Home is where the heart is.  And, in a divorce, home is where the money is.  Couples fight over the home for a number of reasons.  The main questions that often arise are who can keep it, who owns it with right to sell it, and how will the profit be divided.  These questions are first examined by having a divorce lawyer determine whether the house is deemed marital or non-marital property.

If the house was purchased after the marriage, that’s easy.  It’s marital property and divisible.

Now, if the house was purchased prior to the marriage, but the home was put into the couple’s name in title or mortgage, or both, the house is now marital property.

When it comes to divorce, the couple has to determine the value of the home for purposes of dividing the asset.  However, the hardest part is coming to an agreement on the value on the home.   One party may have an emotional attachment to the home and will assign an unrealistic price to the value of the home.  Or, one party may not be willing to give up the house in the divorce and, in fact, wish to keep the house.   This often happens for a number of reasons, but it’s most often when it’s the home the children live in.

A lot of situations may come into play when trying to put a value on the marital home in a divorce. So… how is it done in Illinois?

Easy, Sell It.

Putting the home on the market and selling it can provide an easy way to divide the marital home.  Another route, is for one party to keep the house and buy out the other party.  Now, if the party keeping the house can’t pay their half of the value, the court may order the home to be sold.

If there are children involved, the couple could agree to allow one party to remain in the home until the children reach an agreed upon age and sell the home at that time.  Of course, this agreement has to be in writing to keep things from being unnecessarily messy.  Whomever keeps the house will be on the hook for all mortgage payments until the house is sold.  No worries, the party that continues to pay the mortgage will be reimbursed for any balances or costs paid before the proceeds from the sale are divided.

Cost Comparative Analysis Approach?

With everything at the touch of our fingers, couples (and their divorce lawyers) can compare their home to others in the area to estimate the value of their home by way of a few different real estate websites.  There are numerous ways of estimating the value of a home.  The trouble with this is that homes rarely sell for the advertised listed price, so this method may be misleading.  The easiest route may be hiring a real estate agent to do a comparative market analysis of the home.  This process involves researching how much similar homes are currently listed for sale and those that have been recently sold.  A cost comparative analysis can provide couples with a more realistic price range.

All in all, it’s best not to estimate.  Know the value of your home.

Appraisal Approach

An appraisal is completely different from the above-mentioned cost comparative analysis.   This process includes a licensed professional coming into the home and placing a value on the home based on widely used quantitative measurements.   Couples are, more often than not, disappointed in the outcome of this approach because the value is usually lower than a cost comparative analysis.   In addition, appraisals cost money, and the whole point is to get money – not spend it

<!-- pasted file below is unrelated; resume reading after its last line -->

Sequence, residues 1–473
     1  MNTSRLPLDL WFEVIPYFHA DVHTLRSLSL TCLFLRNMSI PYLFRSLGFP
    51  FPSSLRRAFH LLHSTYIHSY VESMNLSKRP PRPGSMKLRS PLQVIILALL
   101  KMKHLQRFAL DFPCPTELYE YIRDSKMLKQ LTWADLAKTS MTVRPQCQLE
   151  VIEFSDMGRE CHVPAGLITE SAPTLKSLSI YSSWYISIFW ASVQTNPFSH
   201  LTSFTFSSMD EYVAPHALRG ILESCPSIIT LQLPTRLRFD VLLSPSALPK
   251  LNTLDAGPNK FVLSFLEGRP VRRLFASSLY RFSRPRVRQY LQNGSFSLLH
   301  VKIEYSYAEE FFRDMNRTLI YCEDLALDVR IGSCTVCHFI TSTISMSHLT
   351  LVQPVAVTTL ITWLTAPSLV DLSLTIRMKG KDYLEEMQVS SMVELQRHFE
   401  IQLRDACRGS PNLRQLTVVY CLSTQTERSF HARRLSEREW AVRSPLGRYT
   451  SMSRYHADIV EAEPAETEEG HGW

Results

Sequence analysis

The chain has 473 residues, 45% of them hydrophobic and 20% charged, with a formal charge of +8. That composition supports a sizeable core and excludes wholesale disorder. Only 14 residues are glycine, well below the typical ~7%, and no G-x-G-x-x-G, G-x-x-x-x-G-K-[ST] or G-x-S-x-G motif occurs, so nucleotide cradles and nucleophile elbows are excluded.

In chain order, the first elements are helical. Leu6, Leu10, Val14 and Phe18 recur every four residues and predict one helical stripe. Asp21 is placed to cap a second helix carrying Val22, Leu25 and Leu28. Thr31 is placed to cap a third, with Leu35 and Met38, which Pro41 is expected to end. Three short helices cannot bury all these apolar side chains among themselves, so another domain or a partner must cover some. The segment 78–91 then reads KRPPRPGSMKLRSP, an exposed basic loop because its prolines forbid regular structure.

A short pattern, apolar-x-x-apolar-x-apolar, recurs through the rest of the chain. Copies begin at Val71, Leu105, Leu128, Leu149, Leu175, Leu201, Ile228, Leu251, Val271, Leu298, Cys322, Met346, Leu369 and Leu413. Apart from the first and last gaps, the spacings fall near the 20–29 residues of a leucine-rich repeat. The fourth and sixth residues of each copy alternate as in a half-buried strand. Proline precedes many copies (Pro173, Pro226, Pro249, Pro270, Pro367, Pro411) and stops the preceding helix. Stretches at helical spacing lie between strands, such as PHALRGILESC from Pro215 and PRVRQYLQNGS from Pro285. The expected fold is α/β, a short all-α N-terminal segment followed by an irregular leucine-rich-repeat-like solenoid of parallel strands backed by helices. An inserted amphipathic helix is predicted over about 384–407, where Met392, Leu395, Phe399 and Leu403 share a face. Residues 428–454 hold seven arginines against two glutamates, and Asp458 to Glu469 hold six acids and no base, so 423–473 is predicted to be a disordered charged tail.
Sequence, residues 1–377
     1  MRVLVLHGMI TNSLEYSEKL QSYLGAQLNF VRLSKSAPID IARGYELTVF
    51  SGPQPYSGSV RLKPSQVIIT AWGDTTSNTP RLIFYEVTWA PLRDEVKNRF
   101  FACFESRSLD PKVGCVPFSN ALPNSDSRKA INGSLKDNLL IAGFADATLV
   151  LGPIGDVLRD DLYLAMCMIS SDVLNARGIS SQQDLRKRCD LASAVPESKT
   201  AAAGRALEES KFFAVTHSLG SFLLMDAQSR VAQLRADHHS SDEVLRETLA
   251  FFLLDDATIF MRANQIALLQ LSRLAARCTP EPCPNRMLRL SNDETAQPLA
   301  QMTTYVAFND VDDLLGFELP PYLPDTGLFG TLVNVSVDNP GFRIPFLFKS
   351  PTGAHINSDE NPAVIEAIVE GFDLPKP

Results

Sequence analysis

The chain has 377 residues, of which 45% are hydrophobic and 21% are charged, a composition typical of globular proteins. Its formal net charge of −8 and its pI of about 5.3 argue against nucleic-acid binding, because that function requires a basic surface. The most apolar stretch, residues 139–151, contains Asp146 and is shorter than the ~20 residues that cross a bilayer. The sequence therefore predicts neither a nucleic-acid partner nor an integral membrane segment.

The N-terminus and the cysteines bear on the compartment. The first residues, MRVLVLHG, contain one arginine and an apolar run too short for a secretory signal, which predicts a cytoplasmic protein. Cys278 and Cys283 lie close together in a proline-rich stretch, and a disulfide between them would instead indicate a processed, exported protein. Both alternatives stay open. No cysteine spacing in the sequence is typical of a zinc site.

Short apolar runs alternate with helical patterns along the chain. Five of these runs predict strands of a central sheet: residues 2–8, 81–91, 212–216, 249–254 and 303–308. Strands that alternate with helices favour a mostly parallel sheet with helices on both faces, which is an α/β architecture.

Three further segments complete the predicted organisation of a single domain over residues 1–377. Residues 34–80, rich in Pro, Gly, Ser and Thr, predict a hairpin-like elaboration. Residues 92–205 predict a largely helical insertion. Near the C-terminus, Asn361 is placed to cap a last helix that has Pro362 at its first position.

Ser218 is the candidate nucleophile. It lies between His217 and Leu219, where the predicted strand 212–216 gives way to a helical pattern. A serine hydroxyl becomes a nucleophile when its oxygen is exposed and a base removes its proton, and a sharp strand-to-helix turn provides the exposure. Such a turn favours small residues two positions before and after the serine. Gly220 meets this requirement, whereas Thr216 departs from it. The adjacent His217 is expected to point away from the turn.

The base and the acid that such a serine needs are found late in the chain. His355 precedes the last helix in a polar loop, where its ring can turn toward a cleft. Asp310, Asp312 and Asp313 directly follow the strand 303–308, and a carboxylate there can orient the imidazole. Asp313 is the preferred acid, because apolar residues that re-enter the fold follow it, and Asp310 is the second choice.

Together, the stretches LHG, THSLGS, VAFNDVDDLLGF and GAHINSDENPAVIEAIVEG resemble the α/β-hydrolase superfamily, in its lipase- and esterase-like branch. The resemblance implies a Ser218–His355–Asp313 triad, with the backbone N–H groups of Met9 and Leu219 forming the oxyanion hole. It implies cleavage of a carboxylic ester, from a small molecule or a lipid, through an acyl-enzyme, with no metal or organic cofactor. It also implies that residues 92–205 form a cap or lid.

Difference in opinion on Value.

When the parties can’t agree on the value of the house, the court will order an appraisal of the home.  Appraisals are favored over a cost market analysis because of the stability of the widely used quantitative measurements.

However, if both parties have hired appraisers and the appraisers come up with different figures, they may have to testify via a divorce lawyer’s questions and the judge will determine which appraiser is more credible.  If the court decides on one appraisal over the other, that doesn’t mean the party that hired that particular appraiser has won the home.  It simply means the court has decided to go with the value that particular appraiser came up with, and the house will be divided according to that figure.

Valuing the Other Marital Assets

If after the value of the home has been determined and the judge still awards the entire home to one party over the other, a portion of the home’s value will be awarded to the other party by way of other marital assets. This is most often, the retirement account.  However, it’s important to remember that the value amount shown doesn’t account for taxes that will be taken out.  To account for this, retirement accounts are usually discounted by 30% to cover expected deductions.

The home and retirement accounts usually provide for a large portion of the liquid marital assets in a divorce.  If in doubt, a Qualified Domestic Relations Order prepared by your divorce attorney is the best way to go about equally dividing marital assets. Selling a home and liquidating retirement accounts may cause a storm of emotions.  This route may be the most amicable solution.

If you have questions about how to value a house in your divorce, call an experienced Chicago, Illinois divorce lawyer today to get the advice you need regarding your valuable asset and how it will be divided in a divorce.

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